But the truth is this: Raising a child is not supposed to be an easy task. I don't have children, but I was one myself, and I know very well that raising me was a tough task for my mother and father. And given that it's not an easy task, it's something that should require a lot of thought into how the child is raised... not just in terms of discipline and teaching right from wrong, but issues ranging from understanding how to handle the child at each stage of development, to understanding how you really show a child that you care.

Telling the kids they need to get out of bed in the morning, reminding them to be careful when they go some place, inquiring as to what they are doing if something appears suspicious, asking them if they are all right if they come home looking upset, and praising them for getting so many A's on a report card are all ways the parents show how they care for kids. It's a major part of parenting.

And the kids that go around acting defiant, or get spoiled rotten, or are constantly in trouble with the law... well, those kids aren't going to turn into good little soldiers just by spanking them. And the parents in question likely have bigger problems than whether they do or don't spank their kids.

We don't need to climb up to one ledge or the other and worry about what's going to happen next. We simply need to ask ourselves if there are better ways to teach our kids right from wrong than just using a swat on the butt.

Wednesday, September 10, 2014

No More Applause For Roger Goodell

I can remember when Roger Goodell announced his decision to suspend Adam "Pacman" Jones for 16 games for violating the player conduct policy. I can remember applauding that decision.

Looking back, that was a mistake on my part.

No, it's not simply becase of the two-game suspension Ray Rice originally got. It is because, since that time, I can't figure out what the heck Goodell is doing to determine punishment under that policy, or player safety rules, or how to handle anything in the NFL in general, except with the idea that it must be about "damage control."

The lawsuit and research pertaining to concussions that NFL players have received, and how much the NFL knew about the long-term effects, has led Goodell to do one good thing, and that is to require that players who show symptoms of a concussion to be pulled from a game, and to get appropriate medical clearance before they may play again.

But it has also led to Goodell wanting to crack down on unsafe hits, leading to rules that no fan can really understand, as they scratch their heads as to why the referee would throw a flag in one instance and the player would get no additional punishment, but not throw a flag in another instant and Goodell to slap the player with a fine.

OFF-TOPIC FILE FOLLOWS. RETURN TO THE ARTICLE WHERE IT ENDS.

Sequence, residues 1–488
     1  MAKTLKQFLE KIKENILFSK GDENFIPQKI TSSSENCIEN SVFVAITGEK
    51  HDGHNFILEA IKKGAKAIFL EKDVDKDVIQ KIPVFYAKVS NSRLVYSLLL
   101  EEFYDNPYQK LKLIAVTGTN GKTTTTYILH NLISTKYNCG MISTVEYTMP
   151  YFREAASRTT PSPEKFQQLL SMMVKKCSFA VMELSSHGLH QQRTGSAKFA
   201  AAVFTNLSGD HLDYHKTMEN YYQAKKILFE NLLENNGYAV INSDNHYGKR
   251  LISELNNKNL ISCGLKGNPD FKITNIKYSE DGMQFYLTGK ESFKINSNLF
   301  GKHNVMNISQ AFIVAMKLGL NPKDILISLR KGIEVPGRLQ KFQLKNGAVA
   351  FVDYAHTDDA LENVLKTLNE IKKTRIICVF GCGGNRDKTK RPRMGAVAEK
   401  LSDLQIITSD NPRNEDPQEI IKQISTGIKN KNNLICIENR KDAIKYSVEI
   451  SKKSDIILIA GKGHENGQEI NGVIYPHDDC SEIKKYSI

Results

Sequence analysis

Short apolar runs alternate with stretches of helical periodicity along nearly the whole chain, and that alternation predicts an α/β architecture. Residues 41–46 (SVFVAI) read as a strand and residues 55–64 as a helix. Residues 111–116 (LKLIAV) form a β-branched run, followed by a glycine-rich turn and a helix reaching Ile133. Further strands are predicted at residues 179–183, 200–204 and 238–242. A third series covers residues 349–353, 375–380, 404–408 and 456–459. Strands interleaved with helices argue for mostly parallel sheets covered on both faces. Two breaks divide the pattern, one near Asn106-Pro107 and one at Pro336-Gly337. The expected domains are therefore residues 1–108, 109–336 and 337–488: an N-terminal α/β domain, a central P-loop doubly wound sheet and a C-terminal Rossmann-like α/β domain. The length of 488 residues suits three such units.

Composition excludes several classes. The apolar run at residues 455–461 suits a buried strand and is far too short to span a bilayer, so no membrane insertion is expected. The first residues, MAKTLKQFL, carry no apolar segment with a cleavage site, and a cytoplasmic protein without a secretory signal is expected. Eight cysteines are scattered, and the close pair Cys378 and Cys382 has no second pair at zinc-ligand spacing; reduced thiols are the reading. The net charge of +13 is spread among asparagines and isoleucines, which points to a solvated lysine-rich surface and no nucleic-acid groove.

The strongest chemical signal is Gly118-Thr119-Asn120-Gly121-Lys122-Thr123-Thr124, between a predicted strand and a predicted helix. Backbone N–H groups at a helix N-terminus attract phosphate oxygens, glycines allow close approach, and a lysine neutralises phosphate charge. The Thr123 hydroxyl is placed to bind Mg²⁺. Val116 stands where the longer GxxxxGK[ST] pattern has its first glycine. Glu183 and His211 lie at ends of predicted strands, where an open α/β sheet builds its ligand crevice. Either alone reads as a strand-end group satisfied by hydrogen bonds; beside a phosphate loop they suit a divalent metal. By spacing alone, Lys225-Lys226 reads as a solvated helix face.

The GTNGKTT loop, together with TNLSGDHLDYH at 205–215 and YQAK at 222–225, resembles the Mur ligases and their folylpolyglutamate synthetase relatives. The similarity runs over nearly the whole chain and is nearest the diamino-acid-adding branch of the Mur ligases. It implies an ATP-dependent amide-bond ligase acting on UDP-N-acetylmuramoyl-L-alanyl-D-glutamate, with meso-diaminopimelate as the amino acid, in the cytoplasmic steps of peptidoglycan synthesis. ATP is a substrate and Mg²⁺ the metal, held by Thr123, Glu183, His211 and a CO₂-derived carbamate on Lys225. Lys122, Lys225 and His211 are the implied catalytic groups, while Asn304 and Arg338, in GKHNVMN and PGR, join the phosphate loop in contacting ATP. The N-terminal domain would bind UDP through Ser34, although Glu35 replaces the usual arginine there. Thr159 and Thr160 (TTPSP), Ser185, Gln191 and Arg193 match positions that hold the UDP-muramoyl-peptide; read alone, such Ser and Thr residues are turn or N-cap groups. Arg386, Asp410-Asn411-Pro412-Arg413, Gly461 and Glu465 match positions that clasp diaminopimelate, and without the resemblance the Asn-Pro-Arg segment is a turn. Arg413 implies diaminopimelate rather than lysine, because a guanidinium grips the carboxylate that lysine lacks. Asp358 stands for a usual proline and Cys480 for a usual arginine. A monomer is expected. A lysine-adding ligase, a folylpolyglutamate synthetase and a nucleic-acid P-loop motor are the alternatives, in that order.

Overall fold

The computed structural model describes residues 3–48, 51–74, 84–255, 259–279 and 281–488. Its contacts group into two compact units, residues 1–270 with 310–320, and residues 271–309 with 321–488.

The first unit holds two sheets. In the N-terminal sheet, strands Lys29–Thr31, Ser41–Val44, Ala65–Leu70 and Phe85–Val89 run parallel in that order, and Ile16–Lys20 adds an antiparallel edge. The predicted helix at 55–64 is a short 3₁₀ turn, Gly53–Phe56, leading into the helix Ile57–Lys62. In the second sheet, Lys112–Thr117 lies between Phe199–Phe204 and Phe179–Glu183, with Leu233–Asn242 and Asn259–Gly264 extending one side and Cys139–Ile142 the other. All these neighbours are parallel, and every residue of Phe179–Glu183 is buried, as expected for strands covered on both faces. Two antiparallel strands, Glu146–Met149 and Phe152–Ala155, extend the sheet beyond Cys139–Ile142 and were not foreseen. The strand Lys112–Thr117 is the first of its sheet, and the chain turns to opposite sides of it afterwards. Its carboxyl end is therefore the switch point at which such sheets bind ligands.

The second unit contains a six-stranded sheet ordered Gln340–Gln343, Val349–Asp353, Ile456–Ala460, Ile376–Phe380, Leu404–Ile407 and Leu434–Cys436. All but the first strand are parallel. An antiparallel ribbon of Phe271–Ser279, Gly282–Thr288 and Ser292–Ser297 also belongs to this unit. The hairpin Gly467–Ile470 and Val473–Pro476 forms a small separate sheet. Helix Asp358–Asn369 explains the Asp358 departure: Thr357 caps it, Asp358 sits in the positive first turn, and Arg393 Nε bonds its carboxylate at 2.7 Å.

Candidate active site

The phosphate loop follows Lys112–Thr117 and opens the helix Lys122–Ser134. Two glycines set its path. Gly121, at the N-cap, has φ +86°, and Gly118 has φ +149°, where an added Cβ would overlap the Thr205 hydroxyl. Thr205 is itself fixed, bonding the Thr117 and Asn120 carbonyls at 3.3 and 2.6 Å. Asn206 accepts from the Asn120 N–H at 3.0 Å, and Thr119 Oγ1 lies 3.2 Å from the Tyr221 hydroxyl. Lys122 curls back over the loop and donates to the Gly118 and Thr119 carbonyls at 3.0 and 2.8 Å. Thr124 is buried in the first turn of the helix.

Furthermore, we still don't really know all the details regarding what the NFL did or didn't know about concussions.

And then there's that player conduct policy. Nobody seems to know what Goodell is really looking at when he decides punishment. One only need view the list of players implicated in domestic violence cases or crimes against women since Goodell's tenure began, to wonder exactly what Goodell is or isn't considering when he disciplines a player.

And do we need to revisit Bountygate? A Super Bowl championship team just might have been putting prices on the heads of other NFL players, so Goodell hands out punishment left and right, only for the players who were punished to appeal. Former commissioner Paul Tagliabue is called upon to hear the appeals, and proceeds to pretty much tell Goodell to get off his power trip.

Then there's Spygate, in which the evidence got destroyed and nobody can be certain about what Goodell really saw behind closed doors. There's also the recent lawsuit pertaining to painkillers and, in part, what the NFL knew about the dangers of trainers handing them out -- and in this case, we are likely only seeing the tip of the iceberg.

That brings us to Goodell's handling of the Ray Rice case. True, there are others who deserve some blame in how they handled it, but the problem Goodell has is that his handling of the Ray Rice case is just one of many in which he had his "damage control" mindset and didn't really grasp everything he was faced with... most of all, what really was going on with regards to whether or not he ever viewed the infamous elevator footage.

The 32 NFL owners are, indeed, Goodell's real bosses, and only they can ultimately decide his fate. But with at least a few people on Twitter declaring boycotts of NFL corporate sponsors -- and at least one of those sponsors acknowledging they are monitoring the situation -- you have to wonder how soon it will be before the owners start asking Goodell some serious questions.

Regardless of what Goodell really did or didn't know about Ray Rice's situation, his "damage control" mindset is not helping him. And it's making it less likely that I will ever applaud anything he does from this point forward.